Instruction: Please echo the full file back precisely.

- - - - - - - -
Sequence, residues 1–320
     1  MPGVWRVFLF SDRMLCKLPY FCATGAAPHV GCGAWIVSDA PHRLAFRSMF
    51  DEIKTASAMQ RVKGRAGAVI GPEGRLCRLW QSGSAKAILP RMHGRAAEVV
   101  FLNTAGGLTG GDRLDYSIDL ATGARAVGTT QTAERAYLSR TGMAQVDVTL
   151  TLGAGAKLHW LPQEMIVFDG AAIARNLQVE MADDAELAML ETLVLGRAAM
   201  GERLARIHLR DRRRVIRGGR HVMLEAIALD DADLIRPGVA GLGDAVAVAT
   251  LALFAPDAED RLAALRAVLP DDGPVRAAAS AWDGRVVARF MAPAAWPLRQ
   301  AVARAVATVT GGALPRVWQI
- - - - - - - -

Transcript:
Sequence, residues 1–320
     1  MPGVWRVFLF SDRMLCKLPY FCATGAAPHV GCGAWIVSDA PHRLAFRSMF
    51  DEIKTASAMQ RVKGRAGAVI GPEGRLCRLW QSGSAKAILP RMHGRAAEVV
   101  FLNTAGGLTG GDRLDYSIDL ATGARAVGTT QTAERAYLSR TGMAQVDVTL
   151  TLGAGAKLHW LPQEMIVFDG AAIARNLQVE MADDAELAML ETLVLGRAAM
   201  GERLARIHLR DRRRVIRGGR HVMLEAIALD DADLIRPGVA GLGDAVAVAT
   251  LALFAPDAED RLAALRAVLP DDGPVRAAAS AWDGRVVARF MAPAAWPLRQ
   301  AVARAVATVT GGALPRVWQI